A serial entrepreneur is often a creative type who continuously comes up with new ideas and builds a business off of that idea. An entrepreneur typically sees an idea through from inception to the day-to-day running of a successful business.  A serial entrepreneur hands off the company to someone else once the core idea has been implemented.

A serial entrepreneur is a good thing if a talented person with many great ideas can establish a firm foundation and then step back or sell the business for a profit. In recent years, a more negative connotation of the phrase as emerged. A serial entrepreneur can also mean someone who has good ideas but lacks the initiative to follow-through. They often leave half-finished businesses floundering, or welch on financial obligations to investors.  These people do not leave a legacy of success, and some very successful serial entrepreneurs shun the phrase. They choose to see themselves as entrepreneurs with more than one great idea.

Examples of serial entrepreneurs:

  • Steve Jobs—the face of Apple and a well-known entrepreneur. Many people forget that he also started NeXT and Pixar.
  • Oprah Winfrey—everyone thinks of “The Oprah Winfrey Show,” but Oprah started her rise to fame as a local TV anchor. In addition to her famous talk show, Oprah established Harpo Productions, O magazine, and has authored five books. This is in addition to the numerous charities she has founded and a school that she built.
  • Michael Rubin—Rubin acquired a chain of ski-shops before ever attending college. He later bought KPR sports and then Global Sports, which was later called GSI Commerce.
  • Josh Kopelman—Established Infonautics Corp., several online businesses such as half.com for used books and the anti-spam system, TurnTide.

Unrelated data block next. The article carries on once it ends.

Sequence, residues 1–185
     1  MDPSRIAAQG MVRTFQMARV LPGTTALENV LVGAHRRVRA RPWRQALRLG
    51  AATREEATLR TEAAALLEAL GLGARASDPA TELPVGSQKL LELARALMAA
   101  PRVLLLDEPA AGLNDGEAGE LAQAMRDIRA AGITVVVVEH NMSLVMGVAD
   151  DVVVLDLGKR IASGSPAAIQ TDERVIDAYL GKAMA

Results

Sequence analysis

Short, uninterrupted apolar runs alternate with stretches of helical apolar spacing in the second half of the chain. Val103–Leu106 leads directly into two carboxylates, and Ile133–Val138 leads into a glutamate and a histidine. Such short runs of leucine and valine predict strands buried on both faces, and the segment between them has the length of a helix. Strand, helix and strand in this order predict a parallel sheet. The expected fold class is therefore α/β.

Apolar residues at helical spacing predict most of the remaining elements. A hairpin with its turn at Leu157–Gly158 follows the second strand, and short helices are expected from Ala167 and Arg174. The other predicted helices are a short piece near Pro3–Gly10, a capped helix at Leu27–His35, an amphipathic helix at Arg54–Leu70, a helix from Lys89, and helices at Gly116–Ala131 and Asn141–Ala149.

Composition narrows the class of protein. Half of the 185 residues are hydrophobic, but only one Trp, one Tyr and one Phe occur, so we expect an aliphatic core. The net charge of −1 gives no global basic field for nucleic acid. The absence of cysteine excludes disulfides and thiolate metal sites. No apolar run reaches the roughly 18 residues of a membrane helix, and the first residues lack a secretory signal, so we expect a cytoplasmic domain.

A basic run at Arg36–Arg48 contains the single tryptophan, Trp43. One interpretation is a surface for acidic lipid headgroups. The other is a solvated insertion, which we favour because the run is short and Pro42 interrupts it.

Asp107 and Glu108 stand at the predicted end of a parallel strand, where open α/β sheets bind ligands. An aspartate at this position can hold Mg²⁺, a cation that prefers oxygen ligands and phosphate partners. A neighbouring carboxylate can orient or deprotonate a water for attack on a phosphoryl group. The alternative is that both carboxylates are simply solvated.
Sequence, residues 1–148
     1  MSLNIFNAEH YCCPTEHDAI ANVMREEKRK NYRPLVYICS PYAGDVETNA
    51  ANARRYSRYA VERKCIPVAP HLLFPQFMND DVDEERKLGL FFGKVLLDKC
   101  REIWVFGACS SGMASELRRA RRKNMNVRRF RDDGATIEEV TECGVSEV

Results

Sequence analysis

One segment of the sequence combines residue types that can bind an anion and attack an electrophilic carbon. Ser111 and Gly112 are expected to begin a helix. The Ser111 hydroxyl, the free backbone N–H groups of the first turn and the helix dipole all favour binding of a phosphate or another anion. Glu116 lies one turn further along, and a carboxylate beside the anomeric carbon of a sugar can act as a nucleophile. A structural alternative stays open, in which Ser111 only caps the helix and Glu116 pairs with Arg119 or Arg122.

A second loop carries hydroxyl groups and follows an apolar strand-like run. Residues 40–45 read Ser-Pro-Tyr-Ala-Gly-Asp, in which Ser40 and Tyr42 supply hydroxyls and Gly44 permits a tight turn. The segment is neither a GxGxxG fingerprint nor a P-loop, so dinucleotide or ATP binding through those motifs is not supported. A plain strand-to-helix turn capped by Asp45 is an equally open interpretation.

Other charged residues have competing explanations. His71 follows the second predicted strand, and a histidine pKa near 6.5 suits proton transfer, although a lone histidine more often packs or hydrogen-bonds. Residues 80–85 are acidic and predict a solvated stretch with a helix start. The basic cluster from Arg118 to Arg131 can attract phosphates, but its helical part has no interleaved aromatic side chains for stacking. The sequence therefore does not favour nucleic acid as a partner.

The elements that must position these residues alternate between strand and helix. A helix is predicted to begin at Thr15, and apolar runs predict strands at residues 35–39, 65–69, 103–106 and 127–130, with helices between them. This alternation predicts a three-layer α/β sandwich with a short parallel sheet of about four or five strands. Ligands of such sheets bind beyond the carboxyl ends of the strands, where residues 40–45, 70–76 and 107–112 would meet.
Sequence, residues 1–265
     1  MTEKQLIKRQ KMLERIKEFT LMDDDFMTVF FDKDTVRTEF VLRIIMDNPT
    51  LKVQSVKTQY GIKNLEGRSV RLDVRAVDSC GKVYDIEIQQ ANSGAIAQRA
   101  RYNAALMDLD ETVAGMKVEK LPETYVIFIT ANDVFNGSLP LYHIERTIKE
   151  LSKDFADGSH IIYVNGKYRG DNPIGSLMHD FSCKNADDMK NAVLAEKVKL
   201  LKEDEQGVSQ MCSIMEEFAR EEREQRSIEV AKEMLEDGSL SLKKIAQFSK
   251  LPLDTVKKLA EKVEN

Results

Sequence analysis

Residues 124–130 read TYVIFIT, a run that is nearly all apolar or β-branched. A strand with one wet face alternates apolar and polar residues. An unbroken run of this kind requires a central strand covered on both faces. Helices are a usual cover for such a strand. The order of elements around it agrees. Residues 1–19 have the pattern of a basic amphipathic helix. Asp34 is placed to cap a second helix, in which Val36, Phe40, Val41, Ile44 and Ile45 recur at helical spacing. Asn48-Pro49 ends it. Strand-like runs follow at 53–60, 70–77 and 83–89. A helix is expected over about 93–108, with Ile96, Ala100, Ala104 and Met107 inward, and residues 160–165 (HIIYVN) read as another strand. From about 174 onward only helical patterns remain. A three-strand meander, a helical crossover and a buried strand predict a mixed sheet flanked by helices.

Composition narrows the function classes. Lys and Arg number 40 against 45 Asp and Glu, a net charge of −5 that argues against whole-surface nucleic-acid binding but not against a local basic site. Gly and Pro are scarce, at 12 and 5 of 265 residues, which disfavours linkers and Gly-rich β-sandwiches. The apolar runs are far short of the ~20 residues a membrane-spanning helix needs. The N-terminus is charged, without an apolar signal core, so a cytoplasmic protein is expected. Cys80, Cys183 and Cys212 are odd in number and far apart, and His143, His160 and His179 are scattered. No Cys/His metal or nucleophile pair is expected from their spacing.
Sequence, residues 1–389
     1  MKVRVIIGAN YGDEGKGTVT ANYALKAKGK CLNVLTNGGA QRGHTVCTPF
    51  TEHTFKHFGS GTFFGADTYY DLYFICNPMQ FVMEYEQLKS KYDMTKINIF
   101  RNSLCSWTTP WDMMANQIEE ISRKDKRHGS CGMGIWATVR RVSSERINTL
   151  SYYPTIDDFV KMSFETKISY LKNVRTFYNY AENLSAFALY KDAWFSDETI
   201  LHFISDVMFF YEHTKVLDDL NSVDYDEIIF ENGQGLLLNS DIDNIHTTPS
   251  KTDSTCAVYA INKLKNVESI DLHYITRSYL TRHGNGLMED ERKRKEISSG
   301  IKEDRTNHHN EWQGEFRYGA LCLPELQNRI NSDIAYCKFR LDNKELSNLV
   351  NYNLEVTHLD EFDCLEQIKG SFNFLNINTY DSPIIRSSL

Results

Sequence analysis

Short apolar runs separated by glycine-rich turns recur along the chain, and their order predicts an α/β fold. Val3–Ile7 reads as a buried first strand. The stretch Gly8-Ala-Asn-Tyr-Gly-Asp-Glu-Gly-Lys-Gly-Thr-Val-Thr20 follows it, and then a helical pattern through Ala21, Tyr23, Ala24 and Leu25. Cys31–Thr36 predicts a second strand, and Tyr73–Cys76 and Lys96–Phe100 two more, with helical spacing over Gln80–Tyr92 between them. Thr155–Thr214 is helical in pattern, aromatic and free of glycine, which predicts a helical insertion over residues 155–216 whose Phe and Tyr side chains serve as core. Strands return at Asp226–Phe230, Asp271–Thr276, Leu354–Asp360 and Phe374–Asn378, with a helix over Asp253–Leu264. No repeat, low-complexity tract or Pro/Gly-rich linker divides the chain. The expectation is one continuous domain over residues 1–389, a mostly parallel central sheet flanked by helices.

There are numerous hugely successful serial entrepreneurs and thousands of others who are not as well known.

Entrepreneurs, especially serial entrepreneurs, tend to share similar traits.  The traits that are common among serial entrepreneurs are:

  • Time management—entrepreneurs harness the time so many of us waste on social media, TV, and other mindless engagement. They invest their time in developing new ideas and learning new skills.
  • Drive to scale—serial entrepreneurs can quickly advance business through the start-up phase into the growth phase.
  • They know learning is a life-long proposition. It is not something you do inside the walls of higher. Learning is a way of life for serial entrepreneurs. You will often see people develop ideas across wildly different areas of expertise. They had the vision but then had to start from scratch in learning how to make the vision a reality.
  • The value of networking—serial entrepreneurs understand the importance of surrounding themselves with people who push the envelope. They nurture these relationships and use these alliances wherever they can.
  • Curiosity and Creativity—serial entrepreneurs never stop learning, exploring, and chasing new dreams. They have found a way to turn their creativity into a money-making opportunity. They also know the deep satisfaction that comes from seeing an idea take on a life of its own.
  • The ability to take a punch—for every success story, there is a list of failures. Few entrepreneurs make it rich on their first grand ideas. They see ideas wither and die despite hard work and effort. They have investors laugh at them. They keep going.  They do not give up on their dreams and keep finding a new way to explore and promote their ideas.

Generally, serial entrepreneurs are intelligent, creative, and driven. They enjoy the thrill of developing a new idea and seeing it through to completion.  Why should a person be limited to one great idea?  Those who have the courage and drive to continue developing successful ideas wear the title of entrepreneur proudly.




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